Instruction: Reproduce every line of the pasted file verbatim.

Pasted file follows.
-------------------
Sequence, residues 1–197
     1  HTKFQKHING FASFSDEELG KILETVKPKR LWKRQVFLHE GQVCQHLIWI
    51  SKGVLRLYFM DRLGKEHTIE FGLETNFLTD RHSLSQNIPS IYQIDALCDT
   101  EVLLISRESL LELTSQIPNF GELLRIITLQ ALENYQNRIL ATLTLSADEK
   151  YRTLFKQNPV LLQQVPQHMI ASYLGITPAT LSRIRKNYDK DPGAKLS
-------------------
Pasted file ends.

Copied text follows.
Sequence, residues 1–197
     1  HTKFQKHING FASFSDEELG KILETVKPKR LWKRQVFLHE GQVCQHLIWI
    51  SKGVLRLYFM DRLGKEHTIE FGLETNFLTD RHSLSQNIPS IYQIDALCDT
   101  EVLLISRESL LELTSQIPNF GELLRIITLQ ALENYQNRIL ATLTLSADEK
   151  YRTLFKQNPV LLQQVPQHMI ASYLGITPAT LSRIRKNYDK DPGAKLS